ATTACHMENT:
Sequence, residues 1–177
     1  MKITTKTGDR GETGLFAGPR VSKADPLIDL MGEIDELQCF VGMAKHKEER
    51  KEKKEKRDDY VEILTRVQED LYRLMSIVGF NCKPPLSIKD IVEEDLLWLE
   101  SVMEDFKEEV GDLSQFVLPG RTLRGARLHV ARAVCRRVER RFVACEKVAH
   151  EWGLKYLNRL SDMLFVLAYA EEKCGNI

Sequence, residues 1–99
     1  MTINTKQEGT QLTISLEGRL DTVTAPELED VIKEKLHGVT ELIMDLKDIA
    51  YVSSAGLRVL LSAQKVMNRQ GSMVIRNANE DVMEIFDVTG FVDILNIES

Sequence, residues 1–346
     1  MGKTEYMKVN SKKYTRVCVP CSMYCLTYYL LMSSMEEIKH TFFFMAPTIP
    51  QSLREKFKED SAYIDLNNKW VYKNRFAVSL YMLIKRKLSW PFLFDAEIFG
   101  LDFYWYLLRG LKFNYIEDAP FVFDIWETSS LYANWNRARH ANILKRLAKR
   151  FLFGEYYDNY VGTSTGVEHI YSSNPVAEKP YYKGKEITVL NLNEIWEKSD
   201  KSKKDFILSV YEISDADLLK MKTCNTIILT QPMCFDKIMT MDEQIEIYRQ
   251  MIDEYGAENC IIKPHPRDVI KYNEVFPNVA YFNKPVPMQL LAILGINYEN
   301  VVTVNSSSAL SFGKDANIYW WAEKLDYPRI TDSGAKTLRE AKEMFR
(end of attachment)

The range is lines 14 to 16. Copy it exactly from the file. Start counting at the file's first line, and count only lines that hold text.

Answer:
   201  KSKKDFILSV YEISDADLLK MKTCNTIILT QPMCFDKIMT MDEQIEIYRQ
   251  MIDEYGAENC IIKPHPRDVI KYNEVFPNVA YFNKPVPMQL LAILGINYEN
   301  VVTVNSSSAL SFGKDANIYW WAEKLDYPRI TDSGAKTLRE AKEMFR